When a girl has self-belief and is supported by her family and community; when she’s empowered with skills, ideas and knowledge; when she has access to services, role models and other girls: when she is visible and vocal – she can demand to stay in school, to get healthcare, and to get married and have children when she chooses.
This week I was faced with a piece of information that made me despair. The statement of a country leader that they would not allow teenage mothers to return to school to continue their education after the birth of their child.
Pregnancy during adolescence has been associated with school drop out among girls in developing countries for many years. In Tanzania, girls are often expelled from school when they are found to be pregnant. According to a 2013 report by the Centre for Reproductive Rights, over 55,000 adolescent girls were either forced to drop out or were expelled from schools because of pregnancy between 2003 and 2011. Although their research “revealed no national-level law, regulation, or policy explicitly requiring the expulsion of pregnant students”, they found a widespread belief among teachers, school administrators and education officials that this practice is required by law. Expulsion from school has a big impact on the lives of these girls. It decreases their likelihood of earning a good income. They are also often faced with stigmatization by their peers, parents and wider communities.
When girls are healthy and their rights are fulfilled, they can go to school, learn and gain the skills and resources they need to be healthy, productive and empowered adults – disrupting the cycle of poverty. In the last two decades, we have seen enormous advances in girls’ educational attainment at the primary level. However, girls in most regions, particularly the poorest and most marginalized, continue to fall behind at the secondary level.
Sexual and reproductive health and rights issues, especially gender-based violence and adolescent girls’ vulnerability to child, early and forced marriage, unintended pregnancy, and HIV and other sexually transmitted infections impede girls’ educational aspirations.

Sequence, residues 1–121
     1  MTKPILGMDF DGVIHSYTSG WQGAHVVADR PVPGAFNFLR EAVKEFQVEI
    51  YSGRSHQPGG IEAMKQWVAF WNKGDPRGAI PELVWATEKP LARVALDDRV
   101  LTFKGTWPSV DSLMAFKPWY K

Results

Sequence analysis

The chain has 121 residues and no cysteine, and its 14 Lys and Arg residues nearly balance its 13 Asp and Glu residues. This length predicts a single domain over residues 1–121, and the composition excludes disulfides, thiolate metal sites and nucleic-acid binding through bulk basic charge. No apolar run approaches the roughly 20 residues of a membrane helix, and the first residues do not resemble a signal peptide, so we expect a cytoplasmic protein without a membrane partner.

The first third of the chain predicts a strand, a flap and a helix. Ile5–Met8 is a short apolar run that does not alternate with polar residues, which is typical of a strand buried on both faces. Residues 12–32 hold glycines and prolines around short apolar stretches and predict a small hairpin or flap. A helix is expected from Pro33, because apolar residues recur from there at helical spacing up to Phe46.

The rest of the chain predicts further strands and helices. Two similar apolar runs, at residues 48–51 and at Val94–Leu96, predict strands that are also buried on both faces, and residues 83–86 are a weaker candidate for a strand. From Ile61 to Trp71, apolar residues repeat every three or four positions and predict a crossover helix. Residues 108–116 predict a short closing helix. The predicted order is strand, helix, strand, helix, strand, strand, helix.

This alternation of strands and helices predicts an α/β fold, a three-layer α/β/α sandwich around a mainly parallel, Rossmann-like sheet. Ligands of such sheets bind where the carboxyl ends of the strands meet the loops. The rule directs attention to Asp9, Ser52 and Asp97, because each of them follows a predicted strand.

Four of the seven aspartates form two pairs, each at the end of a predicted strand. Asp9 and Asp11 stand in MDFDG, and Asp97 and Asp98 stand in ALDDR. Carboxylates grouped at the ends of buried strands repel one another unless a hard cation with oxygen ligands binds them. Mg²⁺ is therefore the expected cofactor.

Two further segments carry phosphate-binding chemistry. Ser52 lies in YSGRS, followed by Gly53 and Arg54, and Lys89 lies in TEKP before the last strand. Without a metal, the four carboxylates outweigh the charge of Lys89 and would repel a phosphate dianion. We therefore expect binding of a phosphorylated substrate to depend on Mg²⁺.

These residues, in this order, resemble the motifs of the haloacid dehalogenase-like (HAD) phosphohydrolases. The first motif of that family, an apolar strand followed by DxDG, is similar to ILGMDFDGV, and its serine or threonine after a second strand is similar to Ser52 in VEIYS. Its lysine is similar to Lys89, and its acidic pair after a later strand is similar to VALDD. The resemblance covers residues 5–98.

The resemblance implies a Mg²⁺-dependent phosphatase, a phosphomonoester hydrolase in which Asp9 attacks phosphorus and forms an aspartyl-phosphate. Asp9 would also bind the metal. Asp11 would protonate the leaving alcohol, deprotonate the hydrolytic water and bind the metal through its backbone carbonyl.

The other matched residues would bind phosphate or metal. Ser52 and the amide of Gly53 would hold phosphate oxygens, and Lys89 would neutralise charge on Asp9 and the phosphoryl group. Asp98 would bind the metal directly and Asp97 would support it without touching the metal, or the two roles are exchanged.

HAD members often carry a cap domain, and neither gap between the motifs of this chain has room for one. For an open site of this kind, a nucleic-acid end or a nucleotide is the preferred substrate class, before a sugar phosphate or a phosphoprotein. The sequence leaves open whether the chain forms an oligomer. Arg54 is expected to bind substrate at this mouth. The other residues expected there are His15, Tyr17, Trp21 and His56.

Here are some of the facts…
- A significant proportion of girls become pregnant during the time that they should be in school: About 19% of girls in the developing world become pregnant before age 18, and about 3% become pregnant before age 15.
- This is not just a Tanzanian issue. About one-third of girls in the developing world are married. In South Asia, nearly 50% of girls are married before age 18, and in Sub-Saharan Africa, nearly 40% are.
- Not coincidentally, these are also regions where the gender gap is greatest between boys and girls at the secondary level.
- Girls with no education are three times more likely to marry before age 18 than those with secondary or higher education.
- Girls with only primary education are twice as likely to marry early as those with secondary or higher education.
- Girls and boys often lack access to information and services that would improve their sexual and reproductive health and educational status. In Sub-Saharan Africa and South Central and Southeast Asia, more than 60% of adolescents who wish to avoid pregnancy do not have access to modern contraception.
- Violence undermines access to school as well as learning. A recent nationwide study in Tanzania reported that three of every 10 Tanzanian females age 12 to 24 had been victims of sexual violence. Of these, almost 25% reported an incident while traveling to or from school, and 15% reported an incident at school or on school grounds.
By not allowing teenage mother’s to return to school after the birth of their child, a country is doing more harm to their economic prospects than good. Girls completing secondary school in Kenya would add US$27 billion to the economy over their lifetimes. If Ethiopian girls completed secondary school, the total contribution over their lifetimes is US$6.8 billion. If young Nigerian women had the same employment rates as young men, the country would add US$13.9 billion annually.
“Women’s empowerment helps raise economic productivity and reduce infant mortality. It contributes to improved health and nutrition. It increases the chances of education for the next generation.”
― Nicholas D. Kristof,